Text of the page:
Precious Memories

Eric Maude

 

 

 

 

 

 

 

 

An old man stirs uneasy from his sleep

His dreams of yesteryear had seemed so real,

The gulf between them now appears so steep

Why should he have to slumber on to feel

The presence of his wife departed long?

With eager lips he’d called her as he rose

Imagination thought she’d sung their song,

Her visage bright, those lovely eyes like does

The song that they alone had sung with joy

When he had promised that he’d ever be,

He’d held her close; she looked to him her boy,

And he loved her, ‘twas plain for her to see!

 

Why did my sweetheart have to go away?

She knew my heart, I wanted her to stay.

 

With tired limbs he shuffled as he went

His progress raising dust along the way

An old man, wrinkled with a frame so bent,

The open window told him it was day,

And on the table, dishes scattered round

Appealed to him to tidy up the place

He searched the cupboards ‘till some food he’d found,

And wondered how another day he’d face

The doctor told him that his health was good

Those aches and pains were just a sign of age

And things would change for better if he could

but cease to fret; he’d quickly turn the page

 

Why did my sweetheart have to go away?

She knew my heart, I wanted her to stay.

 

A daughter makes her weekly trip to see

The Father who she loves with all her heart

It takes two hours before our lass can be

Back in the home from which he’s loathe to part

She cleans his house and cooks his daily food

And pleads with him to come with her to live

His thoughts will only make him sit and brood

He shakes his head, there’s nothing more to give

She takes her leave, but doesn’t want to go

Her family’s need demands that she move on

Each sheds a tear, remembering long ago

The Father cries; his baby girl has gone!

 

Why did my daughter have to go away?

She knew my heart, I wanted her to stay.

 

The family gathers at the old homestead

His daughter sits beside him in the chair

Where once her Mother sat beside his bed

And ran her fingers through his curly hair

Each sober face bends toward their Father dear

And whispers to him in the fading light

Each member knows the end is very near

For every breath this precious one must fight

But then he rises, smile upon his face

While reaching out some unknown thing to touch

There’s nothing now his pleasure can efface

“I see her!”  But the family guessed as much.

 

“I’m coming sweetheart, how I’ve missed you so!

Goodbye my children, Mother bids me go.”

 

This is dedicated to my parents who are greatly missed.

 

“© Copyright Ian Grice 2014, all rights reserved

 

 

 

 

14 Comments Add yours

  1. JaneS says:

    A lovely poem, Ian, and I thought that the couplet between verses added greatly to its pathos- congratulations on a great legacy to your parents’ love.
    Cheerio,
    Jane

    Like

    1. Thank you. It was such a joy to grow up in the home my parents provided. They were human as we all are, but their love for their children was without question and we grew in that nurturing environment. I value your comments.

      Like

  2. Mags Corner says:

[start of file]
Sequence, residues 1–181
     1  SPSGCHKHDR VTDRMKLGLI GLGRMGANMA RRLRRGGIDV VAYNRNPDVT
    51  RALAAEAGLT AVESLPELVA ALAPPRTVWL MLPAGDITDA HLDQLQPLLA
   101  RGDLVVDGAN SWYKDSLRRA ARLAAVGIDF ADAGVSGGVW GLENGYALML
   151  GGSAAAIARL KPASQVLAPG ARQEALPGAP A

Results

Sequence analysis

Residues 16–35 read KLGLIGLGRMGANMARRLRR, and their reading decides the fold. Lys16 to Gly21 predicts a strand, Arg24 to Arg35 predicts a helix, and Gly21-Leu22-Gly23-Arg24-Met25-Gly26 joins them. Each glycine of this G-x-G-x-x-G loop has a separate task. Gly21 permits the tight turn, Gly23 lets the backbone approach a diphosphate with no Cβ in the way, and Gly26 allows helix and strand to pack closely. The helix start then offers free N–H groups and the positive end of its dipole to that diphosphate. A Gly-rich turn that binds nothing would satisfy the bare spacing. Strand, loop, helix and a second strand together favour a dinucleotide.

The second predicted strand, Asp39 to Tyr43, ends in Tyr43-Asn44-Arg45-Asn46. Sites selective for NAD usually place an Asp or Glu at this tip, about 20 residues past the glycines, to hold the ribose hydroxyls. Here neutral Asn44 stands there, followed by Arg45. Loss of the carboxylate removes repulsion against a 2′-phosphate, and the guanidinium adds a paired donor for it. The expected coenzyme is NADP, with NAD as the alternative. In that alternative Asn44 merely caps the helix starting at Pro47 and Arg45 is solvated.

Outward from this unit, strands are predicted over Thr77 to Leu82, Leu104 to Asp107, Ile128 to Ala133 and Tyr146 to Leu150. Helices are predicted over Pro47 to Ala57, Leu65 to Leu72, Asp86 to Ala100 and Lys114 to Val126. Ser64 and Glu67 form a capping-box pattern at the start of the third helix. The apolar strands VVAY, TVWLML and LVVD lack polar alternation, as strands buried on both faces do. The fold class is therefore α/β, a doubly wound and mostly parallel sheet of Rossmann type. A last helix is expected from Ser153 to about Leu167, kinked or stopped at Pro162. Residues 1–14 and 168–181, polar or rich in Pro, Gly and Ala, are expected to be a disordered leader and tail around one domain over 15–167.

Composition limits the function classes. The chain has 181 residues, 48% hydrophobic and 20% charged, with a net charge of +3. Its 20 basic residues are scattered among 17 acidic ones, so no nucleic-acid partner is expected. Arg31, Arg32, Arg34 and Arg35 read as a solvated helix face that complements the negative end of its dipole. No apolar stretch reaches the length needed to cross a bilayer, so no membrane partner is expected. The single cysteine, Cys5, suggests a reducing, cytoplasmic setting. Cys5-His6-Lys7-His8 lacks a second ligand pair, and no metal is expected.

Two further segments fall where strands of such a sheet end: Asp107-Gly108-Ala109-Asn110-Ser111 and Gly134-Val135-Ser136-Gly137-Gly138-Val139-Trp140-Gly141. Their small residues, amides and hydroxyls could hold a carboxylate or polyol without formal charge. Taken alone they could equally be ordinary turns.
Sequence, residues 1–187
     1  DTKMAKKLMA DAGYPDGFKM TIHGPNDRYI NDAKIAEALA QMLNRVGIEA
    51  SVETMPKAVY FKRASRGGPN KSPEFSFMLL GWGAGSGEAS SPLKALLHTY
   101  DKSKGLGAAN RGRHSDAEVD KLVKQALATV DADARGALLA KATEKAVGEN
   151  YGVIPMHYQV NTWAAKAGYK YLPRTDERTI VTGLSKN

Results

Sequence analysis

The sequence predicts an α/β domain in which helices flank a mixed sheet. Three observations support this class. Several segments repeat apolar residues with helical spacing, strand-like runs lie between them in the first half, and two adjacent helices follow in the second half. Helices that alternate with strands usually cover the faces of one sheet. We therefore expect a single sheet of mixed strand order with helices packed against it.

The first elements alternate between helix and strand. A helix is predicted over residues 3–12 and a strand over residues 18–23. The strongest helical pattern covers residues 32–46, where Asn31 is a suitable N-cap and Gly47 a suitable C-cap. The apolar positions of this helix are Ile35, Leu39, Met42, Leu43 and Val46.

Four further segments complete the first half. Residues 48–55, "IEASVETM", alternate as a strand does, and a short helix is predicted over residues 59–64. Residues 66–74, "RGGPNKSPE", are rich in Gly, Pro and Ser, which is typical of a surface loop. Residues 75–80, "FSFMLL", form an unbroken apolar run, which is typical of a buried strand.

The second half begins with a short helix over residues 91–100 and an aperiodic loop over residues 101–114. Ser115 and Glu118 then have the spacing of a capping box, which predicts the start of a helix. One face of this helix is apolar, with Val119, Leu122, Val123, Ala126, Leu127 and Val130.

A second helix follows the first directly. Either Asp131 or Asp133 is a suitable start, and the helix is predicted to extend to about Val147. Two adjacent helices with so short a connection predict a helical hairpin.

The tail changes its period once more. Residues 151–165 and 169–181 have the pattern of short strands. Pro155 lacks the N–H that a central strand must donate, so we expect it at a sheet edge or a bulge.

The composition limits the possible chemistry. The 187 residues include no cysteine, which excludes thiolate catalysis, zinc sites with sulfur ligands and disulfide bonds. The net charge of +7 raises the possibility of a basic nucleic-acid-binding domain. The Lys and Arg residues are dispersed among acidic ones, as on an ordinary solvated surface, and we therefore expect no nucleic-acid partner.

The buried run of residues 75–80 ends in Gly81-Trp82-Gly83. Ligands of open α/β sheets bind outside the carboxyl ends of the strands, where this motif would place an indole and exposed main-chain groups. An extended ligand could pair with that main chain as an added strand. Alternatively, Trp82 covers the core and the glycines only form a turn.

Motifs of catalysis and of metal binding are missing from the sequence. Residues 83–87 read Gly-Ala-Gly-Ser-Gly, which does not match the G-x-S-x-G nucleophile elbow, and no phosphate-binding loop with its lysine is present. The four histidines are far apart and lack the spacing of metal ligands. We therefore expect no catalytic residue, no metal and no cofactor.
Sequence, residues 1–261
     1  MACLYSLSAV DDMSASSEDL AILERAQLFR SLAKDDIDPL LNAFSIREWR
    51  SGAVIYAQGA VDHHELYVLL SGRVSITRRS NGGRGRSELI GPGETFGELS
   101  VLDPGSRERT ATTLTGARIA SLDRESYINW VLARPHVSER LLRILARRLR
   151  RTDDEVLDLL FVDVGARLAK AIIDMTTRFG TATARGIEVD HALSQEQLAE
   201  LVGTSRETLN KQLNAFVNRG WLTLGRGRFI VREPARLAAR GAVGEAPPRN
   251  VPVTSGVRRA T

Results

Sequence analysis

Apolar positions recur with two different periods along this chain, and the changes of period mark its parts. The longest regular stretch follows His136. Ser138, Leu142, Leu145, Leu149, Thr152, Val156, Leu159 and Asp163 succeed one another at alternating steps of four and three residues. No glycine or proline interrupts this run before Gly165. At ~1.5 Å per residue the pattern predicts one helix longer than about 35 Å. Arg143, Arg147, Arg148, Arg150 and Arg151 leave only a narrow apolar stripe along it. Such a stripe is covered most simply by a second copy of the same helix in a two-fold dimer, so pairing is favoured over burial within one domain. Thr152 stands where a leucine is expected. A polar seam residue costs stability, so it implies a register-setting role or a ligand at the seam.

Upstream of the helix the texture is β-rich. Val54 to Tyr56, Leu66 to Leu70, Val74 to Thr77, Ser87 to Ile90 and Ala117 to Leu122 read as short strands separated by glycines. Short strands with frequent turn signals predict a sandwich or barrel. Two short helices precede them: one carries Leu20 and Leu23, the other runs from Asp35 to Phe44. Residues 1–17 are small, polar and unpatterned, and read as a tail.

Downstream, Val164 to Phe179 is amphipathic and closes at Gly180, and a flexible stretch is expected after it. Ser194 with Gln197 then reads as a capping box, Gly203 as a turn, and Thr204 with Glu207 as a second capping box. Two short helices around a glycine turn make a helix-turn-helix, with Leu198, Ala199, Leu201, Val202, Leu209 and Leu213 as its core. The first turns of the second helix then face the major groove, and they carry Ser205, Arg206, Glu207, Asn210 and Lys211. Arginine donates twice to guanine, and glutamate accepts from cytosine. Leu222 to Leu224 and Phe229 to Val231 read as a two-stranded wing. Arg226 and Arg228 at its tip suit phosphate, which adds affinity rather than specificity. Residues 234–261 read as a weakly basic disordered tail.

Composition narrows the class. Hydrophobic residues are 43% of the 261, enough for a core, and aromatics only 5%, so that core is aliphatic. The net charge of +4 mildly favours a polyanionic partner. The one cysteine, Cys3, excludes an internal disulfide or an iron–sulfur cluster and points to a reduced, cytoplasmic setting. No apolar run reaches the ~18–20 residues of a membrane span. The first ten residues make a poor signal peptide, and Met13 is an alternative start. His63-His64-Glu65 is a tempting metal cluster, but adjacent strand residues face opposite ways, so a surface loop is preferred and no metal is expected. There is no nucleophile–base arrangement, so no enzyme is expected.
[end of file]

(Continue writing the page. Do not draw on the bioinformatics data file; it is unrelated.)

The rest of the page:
Lovely bitter sweet poem Ian. These words of yours brought tears to my eyes. From what you write it seems your dad was a strong man who loved deeply. I know you must have many great memories of your parents. Hugs sweet friend!

    Like

    1. My parents were very good to us as children as we grew. My Dad went through the depression years. It was bad enough his Dad leaving home when he was only 12 and he had to be the young “father” to his two brothers as the eldest and still have to face competing for a job in the depression. So he had this need for acceptance and it showed up in his success as a businessman and politician. He had to fight hard to get my Mom’s family to accept him and I understand some wouldn’t go to the wedding. So he valued his wife and family very much. He was my major role model and hero.

      Like

      1. Mags Corner says:

        Well, he was a good one because you sure turned out to be a wonderful husband and father as well as friend.

        Like

  3. Lovely Ian, memories of my own parents who followed each other only 10 months apart. Love truly is overwhelming when heartfelt.

    Hope your new year is filled with joy.

    Like

    1. Thank you. It’s been nice to read your blogs in 2013.

      Like

  4. Yoshiko says:

    Such a beautiful poetry, Ian, your parents will be happy if they read this

    >

    Like

    1. Thank you Yoshiko. It was very kind of you to visit and comment.

      Like

      1. Yoshiko says:

        Welcome, Ian, and I read your post via email 🙂

        Like

  5. Eric Alagan says:

    An emotive piece, Ian, and I truly believe that better lands beckon. You’ve been fortunate and so are your parents to have a son in you.

    All good wishes my friend, for 2014 and beyond,
    Eric

    Like

    1. Thank you Eric. It has been wonderful to get to know you.

      Like

  6. Well thank you Barb for that response. I felt a bit emotional putting it up as my parents were so good, nurturing and supporting as we grew. They were there for me in my success and failures and I look forward to seeing them in a better land.

    Like

  7. borika45 says:

    I recognised the picture straightaway. And I recognized and acknowledge the depth of love in that remembrance poem Ian. Through my own tears, I thank you for reminding what a beautiful world this still is when true love prevails. What understanding of emotions! What pathos! What a joy to read that. Thank you from the bottom of my heart.

    Like

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